Students practice program for healthier lifestylesPublished 6:45pm Wednesday, October 3, 2012
Patrick Hamilton Elementary School is becoming home to some healthier kids this week as students and staff take part in a new program that promotes better eating and exercise habits.
The 2-1-5 Plan focuses on watching less than two hours of TV a day, getting at least one hour of exercise and eating five servings of fruits and vegetables. Monday kicked off the incentive.
Principal Heather Nash, who is participating along with teachers and administrative staff, said Wednesday’s efforts also coincided with International Walk to School Day, another program that encourages healthier lifestyles. More than 220 schools in 57 Michigan counties registered to participate in the event, including Patrick Hamilton Elementary.
“It’s (the 2-1-5 Plan) just for this week to see how everyone does,” Nash said Wednesday. “It’s a big change for the kids, but they’re all trying and doing great.”
The walk day is connected to Michigan’s Safe Routes 2 School program, which is administered by the Michigan Fitness Foundation and in partnership with the Michigan Department of Transportation. Federal funding grants, something Dowagiac Union Schools is trying to secure, helps districts improve infrastructures, such as sidewalks, crosswalks and school zone signs to make walking or biking to school a safer, healthier option.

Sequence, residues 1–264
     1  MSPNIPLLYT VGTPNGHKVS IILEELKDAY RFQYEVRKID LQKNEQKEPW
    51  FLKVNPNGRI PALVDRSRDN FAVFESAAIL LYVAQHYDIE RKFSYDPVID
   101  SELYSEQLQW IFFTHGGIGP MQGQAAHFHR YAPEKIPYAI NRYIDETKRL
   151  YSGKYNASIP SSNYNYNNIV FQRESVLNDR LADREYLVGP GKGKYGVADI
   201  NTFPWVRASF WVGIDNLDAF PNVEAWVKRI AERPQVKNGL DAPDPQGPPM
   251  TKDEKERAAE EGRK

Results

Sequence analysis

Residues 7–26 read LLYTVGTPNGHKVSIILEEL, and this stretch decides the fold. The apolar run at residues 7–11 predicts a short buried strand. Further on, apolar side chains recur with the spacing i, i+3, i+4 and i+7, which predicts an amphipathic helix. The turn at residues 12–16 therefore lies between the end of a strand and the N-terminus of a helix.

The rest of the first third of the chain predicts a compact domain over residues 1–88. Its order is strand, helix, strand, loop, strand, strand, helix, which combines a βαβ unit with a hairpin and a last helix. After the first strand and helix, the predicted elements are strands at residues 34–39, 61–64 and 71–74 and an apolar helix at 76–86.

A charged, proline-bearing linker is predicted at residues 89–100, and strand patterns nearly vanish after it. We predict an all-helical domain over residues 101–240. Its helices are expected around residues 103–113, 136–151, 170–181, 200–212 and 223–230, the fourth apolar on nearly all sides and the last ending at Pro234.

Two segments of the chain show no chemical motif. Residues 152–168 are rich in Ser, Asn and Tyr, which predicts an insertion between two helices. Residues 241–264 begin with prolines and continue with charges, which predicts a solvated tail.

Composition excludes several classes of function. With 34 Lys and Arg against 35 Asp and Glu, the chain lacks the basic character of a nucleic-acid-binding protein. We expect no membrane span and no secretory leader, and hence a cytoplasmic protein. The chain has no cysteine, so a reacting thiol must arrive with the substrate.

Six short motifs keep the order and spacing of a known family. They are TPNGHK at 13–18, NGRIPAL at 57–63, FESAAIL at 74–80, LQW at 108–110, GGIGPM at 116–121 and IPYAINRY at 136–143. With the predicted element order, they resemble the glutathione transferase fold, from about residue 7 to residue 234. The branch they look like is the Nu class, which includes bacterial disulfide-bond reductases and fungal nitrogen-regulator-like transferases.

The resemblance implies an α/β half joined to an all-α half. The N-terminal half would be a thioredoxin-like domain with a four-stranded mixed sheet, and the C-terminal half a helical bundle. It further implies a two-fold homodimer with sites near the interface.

While the sprinkling of rain may have put a damper on walking to school, Nash said some parents and their students participated that normally didn’t walk.
“We also started a walking club that began on Monday,” Nash said. “Students can choose to eat and then use the rest of their lunch hour to walk, and, depending on how far they go, there are prizes for them.”
Third-grader Andrew Kirschbaum said he’s taken the 2-1-5 Plan seriously.
“I watch less than an hour of TV a day, and I like to go outside and play with my friends for a long time,” Kirschbaum said.
Second-grader Taven Livingston agreed, saying if he watches TV, it’s a toss up between cartoons or the Discovery Channel.
“I like to watch Animal Planet, too,” Livingston said.
The two students also claimed the program has allowed them to eat more of their favorite fruits and veggies, such as broccoli, apples and celery. Kirschbaum said he’s tried to persuade other students to follow the plan, too.
“I tell them to eat more fruits and vegetables and play outside more,” Kirschbaum said. “They are healthier that way.”
Kirschbaum’s parents have involved him in a community soccer team, while Livingston’s parents have put him on a local football team. The students said, even with practice, games and warm-ups, they were participating in the program before they even knew it existed.
“My dad and I will go out and toss the football,” Livingston said. “I always try to play outside.”
Nash said the plan, coupled with the walking club and national health days, helps students and staff get on the road to healthier lifestyles.
“It’s not easy to change habits,” Nash said. “But we have to practice it, and this allows us to do that.”